Don’t leave home without it!
Disaster struck at seven o’clock on a wintry North Florida morning. Tim Martin and his buddies were idling along in Martin’s seasoned battlewagon, 30 miles offshore, having deployed lures for the early wahoo bite. “Hey,” yelled Adrian Heilman from the cockpit as one of the exhaust ports burped black smoke. From the helm station on the flying bridge, Martin turned to look and heard Heilman’s voice again, only this time from the saloon. “Fire!” Heilman yelled, standing over an open engine-room hatch belching greasy plumes.
Martin’s a safety-conscious guy. Just before his VHF went dead he’d fired off a MAYDAY call, although he wasn’t sure anyone had heard it. Then he descended to the cockpit, closed the fuel shut-off valves, and took a moment to think. He had five passengers onboard, one a first-time boater and another, a fellow with a spinal injury. The boat was most likely going to sink—the smoke was intensifying fast—and at 63F the water was frigid. Martin looked at his watch: 7:12, only a dozen minutes into a horrific, wholly unexpected affair.
Preparedness hallmarked what Martin did next. He initiated an emergency abandon-ship routine he’d been doggedly rehearsing for years with crew members (no matter how experienced and/or expert) before leaving the dock. It started with PFDs—Martin made sure every guy onboard was wearing one of the comparatively expensive but highly buoyant commercial-grade PFDs he favors over cheaper Type II near-shore models. Then there was the ditch bag—from a dedicated spot by the saloon door he pulled a water-resistant, large (29"x10"x15"), faded-yellow RapidDitch bag purchased from ACR Electronics years before. There was an ACR 406-MHz EPIRB in one of the outside pockets, a handheld VHF in another, and three big plastic containers inside, one filled with up-to-date aerial, handheld and smoke signaling flares, and the others with expired (but perhaps still usable) flares, signaling mirrors, crank-powered strobes, and an assortment of other survival items. Once he’d activated the EPIRB, Martin handed the ditch bag to his friend Scott Leaptrott saying, “Hang onto this!”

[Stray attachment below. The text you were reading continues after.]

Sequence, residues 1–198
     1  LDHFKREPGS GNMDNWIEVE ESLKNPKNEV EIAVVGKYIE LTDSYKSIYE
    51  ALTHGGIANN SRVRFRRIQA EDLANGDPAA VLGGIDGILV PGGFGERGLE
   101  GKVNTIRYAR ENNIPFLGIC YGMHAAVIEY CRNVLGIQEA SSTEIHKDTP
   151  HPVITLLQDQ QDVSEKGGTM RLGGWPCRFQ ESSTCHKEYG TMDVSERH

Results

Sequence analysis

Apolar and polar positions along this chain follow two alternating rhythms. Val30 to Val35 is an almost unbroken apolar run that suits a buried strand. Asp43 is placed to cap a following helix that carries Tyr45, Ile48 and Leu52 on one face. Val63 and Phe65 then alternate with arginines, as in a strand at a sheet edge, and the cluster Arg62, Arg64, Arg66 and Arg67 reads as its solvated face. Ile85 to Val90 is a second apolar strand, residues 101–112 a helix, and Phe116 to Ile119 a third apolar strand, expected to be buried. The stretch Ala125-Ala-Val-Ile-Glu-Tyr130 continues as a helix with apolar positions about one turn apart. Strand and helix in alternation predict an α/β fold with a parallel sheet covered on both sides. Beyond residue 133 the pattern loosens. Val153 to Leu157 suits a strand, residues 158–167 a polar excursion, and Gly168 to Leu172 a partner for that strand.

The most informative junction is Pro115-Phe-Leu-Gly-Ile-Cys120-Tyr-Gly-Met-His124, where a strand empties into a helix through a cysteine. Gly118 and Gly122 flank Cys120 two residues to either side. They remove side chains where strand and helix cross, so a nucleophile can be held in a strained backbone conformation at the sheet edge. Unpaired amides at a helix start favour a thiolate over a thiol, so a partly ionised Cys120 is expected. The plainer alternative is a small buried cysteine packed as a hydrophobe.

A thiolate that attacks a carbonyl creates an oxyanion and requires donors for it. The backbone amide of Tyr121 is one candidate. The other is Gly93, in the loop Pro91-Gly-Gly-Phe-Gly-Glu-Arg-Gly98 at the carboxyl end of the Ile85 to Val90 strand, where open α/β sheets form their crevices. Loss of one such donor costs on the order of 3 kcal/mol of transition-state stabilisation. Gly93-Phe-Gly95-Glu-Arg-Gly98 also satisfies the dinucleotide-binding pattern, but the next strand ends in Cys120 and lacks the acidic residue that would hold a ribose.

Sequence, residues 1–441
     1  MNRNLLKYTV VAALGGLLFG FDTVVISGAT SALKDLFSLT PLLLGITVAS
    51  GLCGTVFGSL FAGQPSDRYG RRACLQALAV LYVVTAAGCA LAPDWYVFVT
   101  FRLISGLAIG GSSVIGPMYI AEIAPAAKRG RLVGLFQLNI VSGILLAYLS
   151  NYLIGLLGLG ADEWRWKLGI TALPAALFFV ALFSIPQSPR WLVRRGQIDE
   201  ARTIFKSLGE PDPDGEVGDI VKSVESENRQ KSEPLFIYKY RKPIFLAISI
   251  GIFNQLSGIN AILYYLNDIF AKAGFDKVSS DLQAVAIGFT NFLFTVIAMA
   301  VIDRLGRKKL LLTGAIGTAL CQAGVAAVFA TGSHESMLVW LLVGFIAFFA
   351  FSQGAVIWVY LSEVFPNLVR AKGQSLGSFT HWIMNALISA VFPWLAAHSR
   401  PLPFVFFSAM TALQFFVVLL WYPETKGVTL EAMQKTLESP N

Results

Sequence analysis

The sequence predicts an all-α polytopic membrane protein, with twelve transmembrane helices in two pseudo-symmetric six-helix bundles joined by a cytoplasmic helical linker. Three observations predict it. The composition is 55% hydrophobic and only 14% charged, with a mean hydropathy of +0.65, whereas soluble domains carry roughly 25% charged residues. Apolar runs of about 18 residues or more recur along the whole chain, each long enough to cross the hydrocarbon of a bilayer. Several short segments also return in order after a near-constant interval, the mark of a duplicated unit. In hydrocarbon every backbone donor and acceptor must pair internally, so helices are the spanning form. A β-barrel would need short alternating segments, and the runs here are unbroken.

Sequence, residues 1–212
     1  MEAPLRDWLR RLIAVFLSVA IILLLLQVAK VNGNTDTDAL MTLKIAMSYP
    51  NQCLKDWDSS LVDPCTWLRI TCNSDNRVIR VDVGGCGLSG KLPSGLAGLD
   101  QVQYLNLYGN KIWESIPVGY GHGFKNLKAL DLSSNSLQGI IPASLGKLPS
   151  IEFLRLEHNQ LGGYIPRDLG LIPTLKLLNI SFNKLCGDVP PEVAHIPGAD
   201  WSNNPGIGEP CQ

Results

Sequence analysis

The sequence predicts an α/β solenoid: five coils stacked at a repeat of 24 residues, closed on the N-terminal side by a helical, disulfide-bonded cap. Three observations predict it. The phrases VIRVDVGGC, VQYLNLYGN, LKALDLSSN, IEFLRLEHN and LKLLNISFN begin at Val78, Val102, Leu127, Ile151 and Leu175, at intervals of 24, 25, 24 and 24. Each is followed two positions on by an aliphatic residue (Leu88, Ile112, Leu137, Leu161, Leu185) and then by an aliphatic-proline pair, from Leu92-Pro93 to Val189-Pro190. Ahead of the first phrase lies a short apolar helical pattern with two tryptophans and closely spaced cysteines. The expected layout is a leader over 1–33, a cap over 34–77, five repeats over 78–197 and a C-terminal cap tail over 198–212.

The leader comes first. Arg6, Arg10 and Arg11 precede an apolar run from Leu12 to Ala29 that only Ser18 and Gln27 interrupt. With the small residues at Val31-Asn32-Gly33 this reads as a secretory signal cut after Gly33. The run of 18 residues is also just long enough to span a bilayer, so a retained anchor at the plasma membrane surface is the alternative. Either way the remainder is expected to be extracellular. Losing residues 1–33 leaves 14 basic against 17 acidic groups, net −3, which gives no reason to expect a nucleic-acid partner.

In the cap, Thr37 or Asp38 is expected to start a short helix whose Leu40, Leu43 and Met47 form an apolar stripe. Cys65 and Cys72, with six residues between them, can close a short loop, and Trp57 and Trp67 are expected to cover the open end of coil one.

The final step was as well planned-for as the first two. Martin directed Heilman to remove the boat’s valise-type liferaft from its spot alongside the ditch bag’s former location, carry it to the stern, and stand by to deploy. Almost simultaneously, the starter motor on one of the engines began overspeeding, screaming like a banshee, and the curtains in the saloon burst into flame. “We’re gettin’ off,” Martin announced loudly, giving Heilman the nod. By 7:19, the raft was floating free with all hands safely onboard. A Coast Guard 47' motor lifeboat arrived within the hour, thanks to the EPIRB signal, well after Martin’s battlewagon had burned to the waterline and sunk.
The moral of the story? If you regularly visit the wild blue yonder in your boat, consider making the ultimate upgrade: add top-notch PFDs if you don’t already have them onboard, as well as a ditch bag and a liferaft. Then, every time you hit the trail, make sure every person knows how to use all three to save his own life and the lives of others.
This article originally appeared in the January 2011 issue of Power & Motoryacht magazine.